As a former 20-year employee of the Pittsburgh Post-Gazette who now works for the Catholic Diocese of Pittsburgh, I was surprised at your editorial condemnation of the court decision upholding the religious right of Catholic organizations to abstain from facilitating access to contraceptives (“Church and State,” Nov. 23).
During many of my years at the Post-Gazette, the insurance plan did not cover contraceptives, even for women like me who needed them for serious medical reasons unrelated to prevention of pregnancy. Had I worked for the Catholic diocese during those same years, the pills would have been covered.
But I loved working at the Post-Gazette so much that it was worth $30 a month from my own pocket to pay for the pills.
However, history aside, there is a fallacy at the core of your argument. Catholic Charities isn’t “separate” from the diocese. While it has separate papers of civil incorporation, both are governed by Bishop David Zubik as part of his ministry. Catholic Charities is as much a part of the diocese as any parish.
Furthermore, as a non-Catholic who works for the Catholic Church, I find it odd that anyone expects my employer to help me access anything that directly violates its teaching and mission. The church is clear about what it stands for. No one is forced to work here. If someone took a job at Planned Parenthood and then objected to facilitating access to contraceptives, I think you would fault that person’s judgment, not Planned Parenthood’s mission and policies.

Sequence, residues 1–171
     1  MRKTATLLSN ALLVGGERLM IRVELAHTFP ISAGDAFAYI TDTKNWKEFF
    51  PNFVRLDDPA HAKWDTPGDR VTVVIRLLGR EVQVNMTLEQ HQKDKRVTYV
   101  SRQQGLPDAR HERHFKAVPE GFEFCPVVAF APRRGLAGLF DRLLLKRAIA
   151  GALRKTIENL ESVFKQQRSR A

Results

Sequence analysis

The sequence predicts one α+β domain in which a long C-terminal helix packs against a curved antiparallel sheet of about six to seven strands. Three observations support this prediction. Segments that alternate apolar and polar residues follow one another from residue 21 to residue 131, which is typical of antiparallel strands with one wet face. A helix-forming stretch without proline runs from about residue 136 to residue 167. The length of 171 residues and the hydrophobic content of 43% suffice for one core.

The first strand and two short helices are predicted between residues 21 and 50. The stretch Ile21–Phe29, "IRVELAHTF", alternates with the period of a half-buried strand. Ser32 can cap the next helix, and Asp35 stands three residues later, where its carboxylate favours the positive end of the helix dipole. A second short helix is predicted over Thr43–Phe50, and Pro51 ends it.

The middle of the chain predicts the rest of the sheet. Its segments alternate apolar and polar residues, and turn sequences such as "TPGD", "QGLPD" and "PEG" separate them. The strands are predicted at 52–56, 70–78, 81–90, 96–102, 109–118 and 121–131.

Please respect the integrity of people who make a free choice to work for Catholic institutions. We know that our employer’s standards and practices are sometimes countercultural.
The Catholic bishops of the United States aren’t trying to end the health care law, but to tweak one small part of a federal agency’s interpretation of one of the regulations within it. The bishops have called for universal health care since 1919. And with the same endurance that they pursued that goal, they will continue to defend the right of free exercise of religion.
Department of Outreach and Engagemen
tCatholic Diocese of Pittsburgh